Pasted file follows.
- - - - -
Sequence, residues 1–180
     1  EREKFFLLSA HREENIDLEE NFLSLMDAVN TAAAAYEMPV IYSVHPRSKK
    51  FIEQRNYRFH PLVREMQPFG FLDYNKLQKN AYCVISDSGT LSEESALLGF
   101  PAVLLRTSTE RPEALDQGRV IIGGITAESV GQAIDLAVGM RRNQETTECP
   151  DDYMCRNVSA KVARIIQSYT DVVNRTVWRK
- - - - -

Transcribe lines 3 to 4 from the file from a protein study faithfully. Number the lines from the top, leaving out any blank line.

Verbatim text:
    51  FIEQRNYRFH PLVREMQPFG FLDYNKLQKN AYCVISDSGT LSEESALLGF
   101  PAVLLRTSTE RPEALDQGRV IIGGITAESV GQAIDLAVGM RRNQETTECP